3D dust maps can be created by examining the colors of large collections of stars spread across the sky. The more dust that is between the star and our telescope, the redder the star will appear compared to its natural color.
Peek and his team examined a region of space known as the Perseus spiral arm, which is beyond our Sun in the Milky Way’s disk. They compared the distances measured via dust reddening to those determined by the velocity relationship. They found that many of the clouds do not, in fact, lie at the distance of the Perseus arm, but instead stretch along a distance of some 10,000 light-years.
“We don’t have long, skinny spiral arms after all, at least in this section of the galaxy. There are chunks and lumps that don’t look like anything,” explained Peek. “It’s a good possibility that the outer disk of the Milky Way resembles the nearby galaxy Messier 83, with shorter, chopped-up pieces of arms.”
Revising Our Map
While this latest research focused on the outer Milky Way, Hubble Fellow Catherine Zucker, a member of Peek’s team at STScI, is planning to extend that work to the inner Milky Way. The region interior to the Sun’s orbit is where the spiral arms that are most actively forming stars reside.
Zucker plans to create 3D dust maps using existing large-scale infrared surveys to measure the reddening of some 1 to 2 billion stars. By linking those new dust maps with existing gas velocity surveys, astronomers can refine our map of the inner Milky Way much as they have already done with the outer galaxy.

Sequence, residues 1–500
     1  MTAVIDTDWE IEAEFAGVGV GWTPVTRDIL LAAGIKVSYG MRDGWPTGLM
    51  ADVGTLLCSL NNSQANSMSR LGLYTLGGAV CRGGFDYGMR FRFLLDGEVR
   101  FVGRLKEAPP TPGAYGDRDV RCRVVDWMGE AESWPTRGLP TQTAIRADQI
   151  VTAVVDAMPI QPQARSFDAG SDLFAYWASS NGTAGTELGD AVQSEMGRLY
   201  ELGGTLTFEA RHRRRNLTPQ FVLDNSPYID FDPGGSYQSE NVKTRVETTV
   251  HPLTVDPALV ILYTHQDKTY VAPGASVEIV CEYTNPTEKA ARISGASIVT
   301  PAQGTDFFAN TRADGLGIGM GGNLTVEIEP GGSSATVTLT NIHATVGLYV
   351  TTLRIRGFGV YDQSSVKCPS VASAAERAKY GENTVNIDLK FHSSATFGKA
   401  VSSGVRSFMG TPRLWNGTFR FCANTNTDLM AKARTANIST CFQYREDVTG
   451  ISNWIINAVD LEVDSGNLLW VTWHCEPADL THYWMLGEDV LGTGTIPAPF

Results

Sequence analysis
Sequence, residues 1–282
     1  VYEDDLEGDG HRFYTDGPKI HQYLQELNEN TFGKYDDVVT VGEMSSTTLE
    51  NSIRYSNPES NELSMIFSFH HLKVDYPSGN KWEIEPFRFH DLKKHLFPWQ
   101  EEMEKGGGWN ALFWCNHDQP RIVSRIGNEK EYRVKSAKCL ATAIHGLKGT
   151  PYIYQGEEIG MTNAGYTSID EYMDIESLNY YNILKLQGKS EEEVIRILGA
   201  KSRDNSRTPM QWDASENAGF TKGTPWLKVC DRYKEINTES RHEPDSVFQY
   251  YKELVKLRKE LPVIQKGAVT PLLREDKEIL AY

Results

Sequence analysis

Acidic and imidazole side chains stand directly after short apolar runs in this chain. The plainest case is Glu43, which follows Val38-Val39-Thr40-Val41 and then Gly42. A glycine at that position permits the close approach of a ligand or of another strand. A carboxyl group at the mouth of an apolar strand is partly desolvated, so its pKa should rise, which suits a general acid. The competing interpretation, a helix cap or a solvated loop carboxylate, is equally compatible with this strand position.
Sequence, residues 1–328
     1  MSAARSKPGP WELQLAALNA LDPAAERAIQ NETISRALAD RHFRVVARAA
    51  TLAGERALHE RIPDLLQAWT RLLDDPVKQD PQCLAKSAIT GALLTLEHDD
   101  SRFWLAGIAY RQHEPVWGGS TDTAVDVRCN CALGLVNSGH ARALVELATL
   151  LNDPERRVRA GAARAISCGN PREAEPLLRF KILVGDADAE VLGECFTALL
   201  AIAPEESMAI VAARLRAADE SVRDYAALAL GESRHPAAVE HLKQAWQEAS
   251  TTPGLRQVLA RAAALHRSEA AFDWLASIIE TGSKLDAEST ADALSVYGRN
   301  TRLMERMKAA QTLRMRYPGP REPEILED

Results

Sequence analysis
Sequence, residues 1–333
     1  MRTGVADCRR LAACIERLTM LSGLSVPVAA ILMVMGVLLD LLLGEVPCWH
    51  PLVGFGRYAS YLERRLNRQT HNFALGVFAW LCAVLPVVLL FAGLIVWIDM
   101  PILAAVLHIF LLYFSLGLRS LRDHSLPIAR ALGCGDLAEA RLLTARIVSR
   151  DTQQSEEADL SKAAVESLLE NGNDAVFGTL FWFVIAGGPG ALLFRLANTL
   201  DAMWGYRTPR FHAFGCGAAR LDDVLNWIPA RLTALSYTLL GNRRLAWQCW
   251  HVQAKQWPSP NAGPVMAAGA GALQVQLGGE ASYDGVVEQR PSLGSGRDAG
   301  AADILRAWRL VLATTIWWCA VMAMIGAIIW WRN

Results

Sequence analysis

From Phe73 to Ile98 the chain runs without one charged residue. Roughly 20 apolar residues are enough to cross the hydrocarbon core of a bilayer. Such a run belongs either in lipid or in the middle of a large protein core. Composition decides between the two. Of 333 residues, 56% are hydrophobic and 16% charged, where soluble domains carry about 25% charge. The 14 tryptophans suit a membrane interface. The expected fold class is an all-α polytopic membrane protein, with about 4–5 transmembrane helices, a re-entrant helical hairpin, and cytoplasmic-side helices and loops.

“Previous 3D dust mapping efforts have largely relied on data at wavelengths visible to the human eye. No one has used deep infrared data to create a 3D dust map,” said Zucker. “We may find that this region, like the Perseus arm, is more chaotic and less well defined.”
Even more insights may come from the upcoming Nancy Grace Roman Space Telescope and Vera Rubin Observatory. The Roman Space Telescope will have the capability to map the entire galactic plane in a few hundred hours. Also, its infrared measurements will cut through the dust.
“We could see clear to the other side of the galaxy for the first time. If a survey like this is selected for Roman, it would be stunning,” said Peek.
Rubin, on the other hand, will be able to make deep observations of faint objects at a variety of optical wavelengths. By combining Roman’s infrared view of the sky with Rubin’s deep, multi-wavelength optical data, we may finally map our own cosmic “forest.”
This work is accepted for publication in The Astrophysical Journal.
The Space Telescope Science Institute is expanding the frontiers of space astronomy by hosting the science operations center of the Hubble Space Telescope, the science and mission operations centers for the James Webb Space Telescope, and the science operations center for the Nancy Grace Roman Space Telescope. STScI also houses the Barbara A. Mikulski Archive for Space Telescopes (MAST) which is a NASA-funded project to support and provide to the astronomical community a variety of astronomical data archives, and is the data repository for the Hubble, Webb, Roman, Kepler, K2, TESS missions and more. STScI is operated for NASA by the Association of Universities for Research in Astronomy in Washington, D.C.